Fearing enlistment to fight in Ukraine, Russian males join the exodus.

Russian men fleeing from draft draft in Ukraine are filling planes and causing traffic jams at border crossings . Hundreds of flights out of Russia with tickets sold at sky-high rates carried men to foreign destinations such as Turkey, Armenia, Azerbaijan, and Serbia .

ISTANBUL (Sunday Post): Following the Kremlin's partial military mobilization, military-aged men flocked to Russia in droves on Friday, filling planes and causing traffic jams at border crossings to avoid being arrested.According to Yandex Maps, a Russian online map company, queues spanned for ten kilometers (6 miles) on a highway leading to the southern border with Georgia.The cars along the border with Kazakhstan were so long that some people abandoned their cars and rode on foot, just as some Ukrainians did after Russia invaded their country on Feb. 24.Hundreds of flights out of Russia with tickets sold at sky-high rates carried men to foreign destinations such as Turkey, Armenia, Azerbaijan, and Serbia, where Russians do not need a visa.

I'm against this campaign and I'm not going to be involved in it.I am not going to be a murderer.I'm not going to kill people, said the man, who only identified himself as Yevgeny to avoid retribution against his family left behind in Russia.He referred to Russian President Vladimir Putin as a war criminal.

The number of reservists in question could be as high as 300,000.Some Russian men also fled to Belarus, Russias close ally.But it also presented a risk.Belarusian security forces were ordered to locate Russians fleeing from the draft, find them in hotels and rented apartments, and report them to Russian authorities, according to the Nasha Niva newspaper, one of the country's oldest independent newspapers.

Kyiv and the rest of the world have branded it a rigged election whose conclusion was preordained by Moscow.German officials expressed a drive to assist Russian men who are stepping out of military service, and they demanded a European solution.The spokesperson for German Interior Minister Nancy Faeser said that those who stand up to Putin's regime bravely and place themselves in great danger can apply for asylum in Germany on the grounds of political persecution.Deserters and those who refuse to be recruited will be granted refugee status in Germany if they are in danger of serious persecution, according to Maximilian Kall, the spokesman.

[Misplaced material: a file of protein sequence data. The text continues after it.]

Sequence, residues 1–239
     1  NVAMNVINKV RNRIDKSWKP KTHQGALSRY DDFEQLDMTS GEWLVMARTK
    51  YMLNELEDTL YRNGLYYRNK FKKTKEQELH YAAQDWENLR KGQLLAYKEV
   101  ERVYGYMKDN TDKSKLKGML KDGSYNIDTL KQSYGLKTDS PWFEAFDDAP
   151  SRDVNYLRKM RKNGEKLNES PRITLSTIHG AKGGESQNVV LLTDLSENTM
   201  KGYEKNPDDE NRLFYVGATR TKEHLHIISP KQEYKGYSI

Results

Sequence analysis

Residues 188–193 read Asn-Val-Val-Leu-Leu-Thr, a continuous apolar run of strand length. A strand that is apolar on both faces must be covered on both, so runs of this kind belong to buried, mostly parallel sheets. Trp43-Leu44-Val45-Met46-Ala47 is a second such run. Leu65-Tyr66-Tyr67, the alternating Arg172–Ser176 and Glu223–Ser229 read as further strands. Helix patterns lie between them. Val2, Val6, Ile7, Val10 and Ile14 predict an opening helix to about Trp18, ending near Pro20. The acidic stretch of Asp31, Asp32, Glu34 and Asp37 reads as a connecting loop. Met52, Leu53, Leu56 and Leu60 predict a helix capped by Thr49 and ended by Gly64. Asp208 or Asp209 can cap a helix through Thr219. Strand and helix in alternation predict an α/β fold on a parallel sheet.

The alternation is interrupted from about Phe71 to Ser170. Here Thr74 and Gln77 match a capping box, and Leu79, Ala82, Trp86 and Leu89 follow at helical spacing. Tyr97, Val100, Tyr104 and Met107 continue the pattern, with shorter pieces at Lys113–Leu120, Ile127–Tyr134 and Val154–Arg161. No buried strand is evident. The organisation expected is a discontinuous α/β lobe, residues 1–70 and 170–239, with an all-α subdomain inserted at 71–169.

They would first have to make it to Germany, which has no land border with Russia and is becoming more difficult for Russians to travel to.After the assault on Ukraine, the EU banned direct flights between its 27 member states and Russia, and recently agreed to limit the production of Schengen visas, which allow free movement throughout much of Europe.Four out of five EU countries bordering Russia, Latvia, Lithuania, Estonia, and Poland, have recently decided to refuse Russian visitors.Some European officials consider fleeing Russians to be a potential security risk.

Many of those fleeing were fine with murdering Ukrainians, according to Latvian Foreign Minister Edgars Rinkevics.They did not protest there at the time.They are not to be considered as conscientious objectors.Finland, which has a 1,340-kilometer (830-mile) border with Russia, is the only EU country still accepting Russians with Schengen visas.

The line of waiting cars stretched for half a kilometer (a third of a mile) at Vaalimaa, one of the border's busiest crossings, according to the Finnish Border Guard.MTV in Finland carried interviews with Russian men who had just crossed into Finland at the Virolahti border crossing, including one from Moscow, who said that no sane person wants to go to war.Andrei Balakirov, a Russian man from St. Petersburg, said he was mentally prepared to leave Russia for half a year but put it off until the mobilization was complete.He said, I think it's a really bad thing.

It's difficult to describe what's going on.I feel sorry for those who are compelled to act against their will.I've heard stories about people being given these orders right in the streets, which are frightening.